Tag Archives: protests

What is Rotten with Serbia’s Mass Protests?

The end of 2018 and the beginning of 2019 was marked by a wave of mass anti-government protests in Belgrade. The direct cause for the first protest held on December 8th was the attack on the leader of the Serbian Left, Borko Stefanović, ahead of a forum of the newly formed coalition of the opposition parties, Alliance for Serbia, in the City of Kruševac. The first protest was organized by the Alliance under the banner “Stop to Bloody Shirts”. After the crowd expressed its dissatisfaction with the proposals to continue protests after the New Year break, the organization of the protest was taken over by an al ..

Protesting the “slave law” in Hungary: The erosion of illiberal hegemony?

This post is published with the permission of FocaalBlog, the blog of Focaal: Journal of Global and Historical Anthropology. In recent weeks, Hungary has again made international headlines. This time, it was a popular movement born out of resistance to the latest rewriting of the labor code—which the ruling Fidesz party had already modified in 2011 to the benefit of employers—that made the news. On 12 December, amid chaotic scenes in the National Assembly (where opposition MPs sought to obstruct the voting procedure), Fidesz passed a law that raises the maximum amount of overtime employees can wor ..

Mass protests across Europe show that a new politics is on the horizon

Note from LeftEast editors: We repost this article in collaboration with Counterfire where it was originally published on 29th of December 2018. ‘No Christmas for the bourgeoisie!’ declared graffiti on a wall in Paris as the Gilets Jaunes protests electrified Europe since their first protest on 17 November. Even before the series of French protests had begun, and hardly mentioned in Western media outlets, demonstrations had spread across thirty cities and towns against similar fuel-related measures in Bulgaria starting on 11 November. But they too started wearing yellow vests which had become the visual cha ..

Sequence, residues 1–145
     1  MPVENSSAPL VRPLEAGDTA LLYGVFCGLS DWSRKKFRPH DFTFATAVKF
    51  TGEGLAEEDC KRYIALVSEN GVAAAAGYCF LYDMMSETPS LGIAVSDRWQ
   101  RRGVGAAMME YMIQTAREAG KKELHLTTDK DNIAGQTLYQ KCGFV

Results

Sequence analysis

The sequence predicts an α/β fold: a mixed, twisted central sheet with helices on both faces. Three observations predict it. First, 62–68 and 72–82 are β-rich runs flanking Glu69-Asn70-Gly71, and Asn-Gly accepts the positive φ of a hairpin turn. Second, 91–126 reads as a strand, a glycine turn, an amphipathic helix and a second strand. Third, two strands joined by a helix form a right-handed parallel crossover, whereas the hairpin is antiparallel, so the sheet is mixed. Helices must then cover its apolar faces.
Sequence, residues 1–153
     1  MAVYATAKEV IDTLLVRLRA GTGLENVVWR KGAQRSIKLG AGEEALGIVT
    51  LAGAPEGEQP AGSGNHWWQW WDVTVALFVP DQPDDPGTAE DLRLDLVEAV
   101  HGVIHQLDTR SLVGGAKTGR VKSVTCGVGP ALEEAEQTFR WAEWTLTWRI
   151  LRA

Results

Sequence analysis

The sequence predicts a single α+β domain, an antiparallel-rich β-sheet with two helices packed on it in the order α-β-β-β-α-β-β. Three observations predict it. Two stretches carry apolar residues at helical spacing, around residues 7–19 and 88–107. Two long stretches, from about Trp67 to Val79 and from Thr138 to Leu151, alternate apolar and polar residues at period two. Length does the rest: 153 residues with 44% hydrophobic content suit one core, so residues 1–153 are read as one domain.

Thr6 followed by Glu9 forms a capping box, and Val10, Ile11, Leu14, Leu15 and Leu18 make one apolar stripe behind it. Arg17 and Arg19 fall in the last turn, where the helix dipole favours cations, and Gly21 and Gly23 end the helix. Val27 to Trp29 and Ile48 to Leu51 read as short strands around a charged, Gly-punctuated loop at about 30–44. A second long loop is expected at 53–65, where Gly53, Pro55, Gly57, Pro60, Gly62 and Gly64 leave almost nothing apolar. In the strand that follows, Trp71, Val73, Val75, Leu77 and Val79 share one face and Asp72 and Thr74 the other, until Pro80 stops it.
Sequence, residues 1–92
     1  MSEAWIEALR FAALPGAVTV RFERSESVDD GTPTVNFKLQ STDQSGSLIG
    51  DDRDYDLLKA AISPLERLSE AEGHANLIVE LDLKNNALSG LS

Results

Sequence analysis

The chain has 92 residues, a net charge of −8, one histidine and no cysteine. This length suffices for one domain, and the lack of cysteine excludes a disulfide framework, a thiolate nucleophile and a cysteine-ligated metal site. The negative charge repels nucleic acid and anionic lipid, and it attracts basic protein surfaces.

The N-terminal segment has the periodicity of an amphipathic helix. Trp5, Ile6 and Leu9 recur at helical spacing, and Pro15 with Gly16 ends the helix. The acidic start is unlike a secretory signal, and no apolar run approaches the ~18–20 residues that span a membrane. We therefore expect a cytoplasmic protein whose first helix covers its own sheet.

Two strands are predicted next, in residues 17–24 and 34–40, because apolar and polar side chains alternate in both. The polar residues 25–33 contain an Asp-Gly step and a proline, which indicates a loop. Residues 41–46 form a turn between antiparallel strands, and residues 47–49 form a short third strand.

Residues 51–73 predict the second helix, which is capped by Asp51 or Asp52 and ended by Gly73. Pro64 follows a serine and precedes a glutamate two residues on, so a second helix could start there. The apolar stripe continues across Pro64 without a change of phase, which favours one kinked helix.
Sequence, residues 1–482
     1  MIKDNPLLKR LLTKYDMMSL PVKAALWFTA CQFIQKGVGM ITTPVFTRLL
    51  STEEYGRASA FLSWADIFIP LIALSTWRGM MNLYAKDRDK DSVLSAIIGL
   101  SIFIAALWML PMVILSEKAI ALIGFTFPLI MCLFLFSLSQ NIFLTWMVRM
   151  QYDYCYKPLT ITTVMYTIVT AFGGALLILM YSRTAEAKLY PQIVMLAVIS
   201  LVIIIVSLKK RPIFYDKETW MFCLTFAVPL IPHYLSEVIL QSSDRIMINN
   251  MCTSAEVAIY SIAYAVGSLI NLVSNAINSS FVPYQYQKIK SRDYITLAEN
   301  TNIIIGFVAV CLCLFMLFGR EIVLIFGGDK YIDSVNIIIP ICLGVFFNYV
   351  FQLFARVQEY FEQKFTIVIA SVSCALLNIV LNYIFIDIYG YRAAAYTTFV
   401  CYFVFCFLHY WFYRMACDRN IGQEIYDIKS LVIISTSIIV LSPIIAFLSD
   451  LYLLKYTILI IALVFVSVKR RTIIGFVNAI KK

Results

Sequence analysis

The Political Economy of Hungary’s New “Slave Law”

The new protest wave in December 2018 Demonstrations erupted on the streets of Budapest after the Hungarian parliament—controlled by the fourth consecutive super majority of Fidesz government—had just passed three crucial laws in a rapid parliamentary voting on 12th December, which oppositional parties claimed unlawful. The three major elements in the government’s package were the Overtime Act, which quickly became better known as the “Slave law”, the centralization of the courts nomination procedure, and educational amendments, which permit the privatization of public universities. Parliamentary opposi ..

Gender Studies in Hungary are now being linked to broader struggles: Interview with Anikó Gregor 

LeftEast editor Agnes Gagyi spoke to Anikó Gregor, one of the faculty in charge of the Gender Studies masters program at Budapest-based Eötvös Loránd University (ELTE), shut down by the governments de-accreditation of Gender Studies programs in November. Gregor’s analysis places the ban in the context of Fidesz’s strategy of emphasizing liberal democracy’s failures, economic repositioning away from the EU and the privatization of higher education. It provides insight into the emerging links with Anti-Slave Law protests happening in the country for the past two weeks.   In international news, current pr ..